Well the autosomal composition is (obviously) more important for the appearance of an individual, but if you are trying to look for some common appearance based on obscure parental lineages, then you won't find much luck (especially) with G2a since it is sort of a minority everywhere outside of modern day Georgia and hence the carriers would likely just resemble the general population that they are born into.
    Completely agree.

    I hope people aren't taking this too seriously.


    Non si fa il proprio dovere perchè qualcuno ci dica grazie, lo si fa per principio, per se stessi, per la propria dignità. Oriana Fallaci

  5. #30
    Regular Member Achievements:
    Veteran10000 Experience Points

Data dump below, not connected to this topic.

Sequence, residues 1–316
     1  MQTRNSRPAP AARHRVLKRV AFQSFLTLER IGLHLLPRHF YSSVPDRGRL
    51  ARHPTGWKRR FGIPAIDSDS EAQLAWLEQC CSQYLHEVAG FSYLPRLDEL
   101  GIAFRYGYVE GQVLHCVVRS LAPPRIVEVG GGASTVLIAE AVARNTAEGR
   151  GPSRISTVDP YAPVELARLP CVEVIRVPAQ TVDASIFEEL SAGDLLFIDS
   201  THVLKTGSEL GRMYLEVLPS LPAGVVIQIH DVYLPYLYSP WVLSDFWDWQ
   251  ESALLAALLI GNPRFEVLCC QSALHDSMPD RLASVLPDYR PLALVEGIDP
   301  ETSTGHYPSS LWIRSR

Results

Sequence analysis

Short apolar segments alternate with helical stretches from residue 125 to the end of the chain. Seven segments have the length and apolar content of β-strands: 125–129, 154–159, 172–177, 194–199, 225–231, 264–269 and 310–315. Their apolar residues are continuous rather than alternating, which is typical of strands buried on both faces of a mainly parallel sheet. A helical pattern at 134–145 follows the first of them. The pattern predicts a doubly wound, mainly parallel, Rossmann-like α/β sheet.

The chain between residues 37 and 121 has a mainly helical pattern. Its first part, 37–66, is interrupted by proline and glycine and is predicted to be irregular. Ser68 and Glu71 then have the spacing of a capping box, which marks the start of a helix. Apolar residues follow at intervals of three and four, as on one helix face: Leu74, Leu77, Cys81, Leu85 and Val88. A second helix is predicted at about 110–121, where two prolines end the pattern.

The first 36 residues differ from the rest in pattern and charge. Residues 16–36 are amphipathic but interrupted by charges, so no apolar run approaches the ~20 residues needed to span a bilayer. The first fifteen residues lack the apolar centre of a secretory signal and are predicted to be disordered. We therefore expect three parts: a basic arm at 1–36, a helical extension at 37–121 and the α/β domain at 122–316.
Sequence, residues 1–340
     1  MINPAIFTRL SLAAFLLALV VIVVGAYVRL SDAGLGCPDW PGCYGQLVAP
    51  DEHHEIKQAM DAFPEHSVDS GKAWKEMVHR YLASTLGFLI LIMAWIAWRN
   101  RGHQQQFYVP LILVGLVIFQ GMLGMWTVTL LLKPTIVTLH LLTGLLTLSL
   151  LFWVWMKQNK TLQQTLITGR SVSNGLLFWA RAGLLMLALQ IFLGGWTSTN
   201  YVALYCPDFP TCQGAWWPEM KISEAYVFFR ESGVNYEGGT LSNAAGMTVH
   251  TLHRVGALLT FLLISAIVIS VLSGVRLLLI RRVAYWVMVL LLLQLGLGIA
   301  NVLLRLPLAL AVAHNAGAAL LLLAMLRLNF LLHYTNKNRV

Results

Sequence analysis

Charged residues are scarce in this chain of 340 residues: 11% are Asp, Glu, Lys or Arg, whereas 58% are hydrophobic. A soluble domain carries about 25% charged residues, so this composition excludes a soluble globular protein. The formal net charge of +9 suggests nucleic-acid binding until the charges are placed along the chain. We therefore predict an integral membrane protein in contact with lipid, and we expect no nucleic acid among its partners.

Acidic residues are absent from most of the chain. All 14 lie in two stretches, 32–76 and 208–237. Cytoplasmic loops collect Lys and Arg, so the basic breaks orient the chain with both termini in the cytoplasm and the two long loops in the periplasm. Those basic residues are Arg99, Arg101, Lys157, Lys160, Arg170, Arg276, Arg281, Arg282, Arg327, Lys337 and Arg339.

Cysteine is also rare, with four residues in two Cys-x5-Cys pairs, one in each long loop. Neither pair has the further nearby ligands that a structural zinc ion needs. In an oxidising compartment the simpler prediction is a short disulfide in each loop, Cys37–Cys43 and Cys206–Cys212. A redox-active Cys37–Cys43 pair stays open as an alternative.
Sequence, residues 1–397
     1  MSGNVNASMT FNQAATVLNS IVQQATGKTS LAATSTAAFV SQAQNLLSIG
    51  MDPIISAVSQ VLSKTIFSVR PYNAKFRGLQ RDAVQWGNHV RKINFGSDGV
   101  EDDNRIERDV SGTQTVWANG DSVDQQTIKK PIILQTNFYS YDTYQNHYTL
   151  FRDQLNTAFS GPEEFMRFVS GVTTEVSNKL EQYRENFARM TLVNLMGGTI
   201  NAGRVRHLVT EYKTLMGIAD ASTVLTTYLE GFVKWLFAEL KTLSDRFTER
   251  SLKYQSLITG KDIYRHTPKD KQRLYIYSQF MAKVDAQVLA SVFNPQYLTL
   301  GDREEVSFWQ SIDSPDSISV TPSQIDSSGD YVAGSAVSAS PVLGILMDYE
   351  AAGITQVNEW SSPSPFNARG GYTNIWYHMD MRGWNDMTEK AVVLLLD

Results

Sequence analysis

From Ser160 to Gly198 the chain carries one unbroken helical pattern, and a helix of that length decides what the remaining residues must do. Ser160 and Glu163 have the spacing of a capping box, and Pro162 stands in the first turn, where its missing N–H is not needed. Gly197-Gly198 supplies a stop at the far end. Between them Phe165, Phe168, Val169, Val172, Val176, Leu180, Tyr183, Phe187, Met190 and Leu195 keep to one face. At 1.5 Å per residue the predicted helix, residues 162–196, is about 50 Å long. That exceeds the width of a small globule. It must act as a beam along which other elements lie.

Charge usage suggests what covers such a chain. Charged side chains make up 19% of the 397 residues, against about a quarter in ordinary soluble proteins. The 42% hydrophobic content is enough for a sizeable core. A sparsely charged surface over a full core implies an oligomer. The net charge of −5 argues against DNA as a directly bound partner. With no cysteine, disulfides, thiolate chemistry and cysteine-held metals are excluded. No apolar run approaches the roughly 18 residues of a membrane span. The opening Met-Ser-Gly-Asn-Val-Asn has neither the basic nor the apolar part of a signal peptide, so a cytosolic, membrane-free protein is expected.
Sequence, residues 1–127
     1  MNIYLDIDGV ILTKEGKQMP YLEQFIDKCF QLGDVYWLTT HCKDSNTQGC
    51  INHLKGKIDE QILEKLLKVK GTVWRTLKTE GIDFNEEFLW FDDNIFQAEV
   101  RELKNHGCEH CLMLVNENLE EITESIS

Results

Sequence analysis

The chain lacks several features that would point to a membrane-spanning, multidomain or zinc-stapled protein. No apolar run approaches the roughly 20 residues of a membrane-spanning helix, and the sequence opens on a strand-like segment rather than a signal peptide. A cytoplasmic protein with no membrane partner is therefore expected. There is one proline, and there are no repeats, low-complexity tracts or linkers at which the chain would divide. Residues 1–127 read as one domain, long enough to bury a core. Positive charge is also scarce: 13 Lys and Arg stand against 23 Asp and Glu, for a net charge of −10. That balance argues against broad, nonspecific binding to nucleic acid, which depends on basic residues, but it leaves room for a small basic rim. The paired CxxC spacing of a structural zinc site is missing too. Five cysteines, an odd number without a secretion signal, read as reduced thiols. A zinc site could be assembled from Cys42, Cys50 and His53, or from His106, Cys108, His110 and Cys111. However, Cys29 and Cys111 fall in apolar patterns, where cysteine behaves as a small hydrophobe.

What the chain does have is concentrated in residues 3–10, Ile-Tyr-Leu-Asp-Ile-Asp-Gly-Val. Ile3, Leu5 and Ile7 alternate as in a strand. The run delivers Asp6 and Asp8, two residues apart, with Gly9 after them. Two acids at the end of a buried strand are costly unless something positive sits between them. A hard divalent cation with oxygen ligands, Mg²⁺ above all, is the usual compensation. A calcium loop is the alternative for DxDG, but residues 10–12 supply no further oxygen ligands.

Join Date
    12-03-14
    Posts
    500
    Points
    10,821
    Level
    31
    Points: 10,821, Level: 31
    Level completed: 39%, Points required for next Level: 429
    Overall activity: 20.0%


    Country: Italy



    2 out of 2 members found this post helpful.
    Quote Originally Posted by gidai View Post
    Most of those with I2 and G2 in the pictures come from Central and North Western Europe and less from the East. However, I2 and G2 have a long history of long-term coexistence from Neolithic until now in Europe, and you are right, autosomaly are probably very close now.
    From these pictures, besides faces' expressions it seems to me, if not a coincidence, that G2 men has the lower part of the nose slightly wider, and more pronounced partial baldness appears in the front of the head.